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by Harry Potter
New York, New York
July 22, 2002
The bullfights in Sevilla take place at the renowned La Maestranza bullring in the Plaza de Toros. Built in 1760, La Maestranza is one of the oldest bullrings in Spain, and there is a 30 minute guided tour available of its stables and museum. The spectators at bullfights are very civilized and sit quietly, paying full respect to the sport being watched. It reminded me of the crowd at a tennis match or golf tournament. In fact, once a matador has taken the ring, people who are not in their seats must wait outside until the kill has occurred.
The bull is first let into the ring and confronted by a single matador who bravely remains in place, often on his knees, waving his cape to escape the initial charges of the bull. Soon the men with long spears/lances appear riding on horses. The horses wear blinders and are padded but are still at the mercy of a charging bull with horns. The men use their lances to stick the bull a few times, getting him to bleed and lose some strength and speed. At the same time, the junior matadors are distracting the bull. Then men appear with what look like juggling pins, except they are more like long darts. Poised with one of these weapons in each hand, these men run around the bull trying to position themselves to be able to stab the bull hard enough so that their weapons remain in his back. At this point the bull is often profusely bleeding and disoriented. Soon the main matador will step back in to finish the kill. The object is for the matador to score a direct hit so the bull keels over dying immediately. Sometimes the bull is still full of fight and a slight mistake by the matador can result in his being gored. I have attended 2 bullfights and in both of them I saw matadors get gored. Once the bull is dead, a team of horses ride in to drag the bull from the field. Depending on how expertly the matador performed the kill, the judges may reward the matador with one ear, two ears or the ultimate, 2 ears and the tail.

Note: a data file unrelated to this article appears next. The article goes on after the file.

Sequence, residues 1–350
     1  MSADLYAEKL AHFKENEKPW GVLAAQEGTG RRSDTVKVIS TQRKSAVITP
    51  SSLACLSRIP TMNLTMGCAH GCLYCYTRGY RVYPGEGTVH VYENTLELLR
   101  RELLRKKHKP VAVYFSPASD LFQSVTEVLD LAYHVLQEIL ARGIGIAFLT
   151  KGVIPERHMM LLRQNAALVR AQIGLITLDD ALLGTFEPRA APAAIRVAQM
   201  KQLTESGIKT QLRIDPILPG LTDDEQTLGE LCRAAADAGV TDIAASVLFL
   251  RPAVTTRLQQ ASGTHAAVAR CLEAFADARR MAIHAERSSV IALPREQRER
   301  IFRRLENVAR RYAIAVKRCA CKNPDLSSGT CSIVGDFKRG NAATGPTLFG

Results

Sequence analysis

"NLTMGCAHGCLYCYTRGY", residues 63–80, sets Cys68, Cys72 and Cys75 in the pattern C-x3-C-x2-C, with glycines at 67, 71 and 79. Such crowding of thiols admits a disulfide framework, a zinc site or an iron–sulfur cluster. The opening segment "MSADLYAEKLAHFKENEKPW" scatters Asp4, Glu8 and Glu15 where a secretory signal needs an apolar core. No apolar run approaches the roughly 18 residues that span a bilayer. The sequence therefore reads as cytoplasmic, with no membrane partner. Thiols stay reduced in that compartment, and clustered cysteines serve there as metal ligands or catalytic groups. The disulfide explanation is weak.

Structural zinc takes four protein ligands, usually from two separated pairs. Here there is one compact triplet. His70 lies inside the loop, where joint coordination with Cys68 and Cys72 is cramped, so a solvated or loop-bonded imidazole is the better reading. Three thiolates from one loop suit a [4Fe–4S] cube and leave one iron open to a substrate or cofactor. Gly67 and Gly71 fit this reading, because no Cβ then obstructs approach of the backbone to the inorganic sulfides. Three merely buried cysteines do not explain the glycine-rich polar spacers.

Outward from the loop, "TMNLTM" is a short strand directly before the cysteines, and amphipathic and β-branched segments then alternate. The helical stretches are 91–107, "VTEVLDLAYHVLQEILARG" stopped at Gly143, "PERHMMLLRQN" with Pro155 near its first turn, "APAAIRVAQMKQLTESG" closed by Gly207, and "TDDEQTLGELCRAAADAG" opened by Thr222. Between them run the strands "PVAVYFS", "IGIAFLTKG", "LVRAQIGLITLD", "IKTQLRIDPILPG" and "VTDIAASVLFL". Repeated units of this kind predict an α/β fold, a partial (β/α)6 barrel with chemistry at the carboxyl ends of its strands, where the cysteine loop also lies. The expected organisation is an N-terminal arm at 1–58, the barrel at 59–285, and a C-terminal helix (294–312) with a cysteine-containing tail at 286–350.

From journal 3 Semanas in Sevilla
July 24, 2001
From journal Magic Seville
January 25, 2001
From journal Passionate Seville
January 24, 2001
A ticket tout with an eagle eye noticed that and approached me and tried to sell me a ticket. But I was having none of it. First of all, all his tickets were "Sol" tickets, and not "Sombre", which basically means they are the seats under the sun, and not under the shade. We had already boned up for this in our guide book that one should definitely getting "Sombre" tickets, not just for your personal comfort, but also quite importantly, most of the actions apparently take place in the shade side. We went around the bullring, and noticed they do a guided tour as well, so I inquired about the tour and the bullfight tomorrow. Tours were every 15 minutes. Seats were available. Luckily, there were actually plenty available, and we promptly bought the most expensive ones; the first row on the shade side. We were splurging at all costs for blood and gore, so there was no point buying cheap seats. Mission accomplished: Almost.